What is the Newsvendor Model?
The classic newsvendor’s dilemma is how many newspapers to order for a given day. If they order too few they miss out on sales and could lose the customer to the competition. If they order too many they end up with goods they cannot sell. The ebb and flow of breaking news complicates things further.
Many businesses with short shelf-life products face a similar dilemma. Restaurants take a chance when they let their protein defrost naturally for greater succulence, as do ice-cream parlors when they put their goods out on display. Ordering summer swimsuits in the latest fashion colors can be risky too. The newsvendor model is a way of predicting demand based on known variables.
The Newsvendor Formula
Unless you are a statistician who gets a kick out of page-long formulas, I recommend you buy a computer program or pay a college kid some pocket money. I’ll introduce the concept here. Just don’t ask for a live demonstration! There are a number of variations on the newsvendor model. Common denominators in all formulae include:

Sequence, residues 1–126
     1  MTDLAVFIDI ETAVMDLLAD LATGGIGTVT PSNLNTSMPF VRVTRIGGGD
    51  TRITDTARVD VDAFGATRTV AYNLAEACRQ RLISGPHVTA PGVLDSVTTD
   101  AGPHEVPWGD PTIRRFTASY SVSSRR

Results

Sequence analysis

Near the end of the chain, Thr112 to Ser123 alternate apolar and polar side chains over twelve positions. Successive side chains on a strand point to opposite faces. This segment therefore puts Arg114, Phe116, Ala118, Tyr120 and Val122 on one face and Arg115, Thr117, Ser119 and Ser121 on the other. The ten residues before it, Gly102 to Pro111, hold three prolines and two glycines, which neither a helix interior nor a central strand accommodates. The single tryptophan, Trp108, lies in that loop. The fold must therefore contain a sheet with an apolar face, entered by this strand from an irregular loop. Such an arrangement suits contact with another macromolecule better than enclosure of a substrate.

1. The degree of uncertainty / certainty of demand as expressed in the distribution, mean and standard deviation
2. The cost of buying one more unit greater than the demand that actually occurs
3. The loss associated with a single stockout in terms of reduced profit and goodwill
4. The decision generated by the model in terms of order quantity, safety stock and overbooking level.
The following graph, provided by Brunel University in London, illustrates the critical tipping point this approach is trying to isolate.
Here’s a worked example provided by the industrial engineering & logistics management department of HKURST University in Hong Kong. It relates to a bouquet flower seller trying to decide how many blooms to order in.
|Number of bouquets||3||4||5||6||7||8||9|
|Probability of Selling||0.05||0.12||0.20||0.24||0.17||0.14||0.08|
The model predicts that profit will be maximized with stocks limited to five bouquets. This is a simple example but it illustrates the principle.
Although the newsvendor model is based on assumptions, it has been proven to be more accurate than guessing. One example would be a big ticket open air sports meeting. Attendance and program sales depend on variables such as the weather and competing events, but the decision must be taken days before because printing and binding take time.
Next time you visit your newsvendor and find your favorite journal is out of stock, spare a thought for the fellow behind the counter who may not even know the newsvendor model exists. His method of estimating demand is less accurate than the newsvendor model described in this article.
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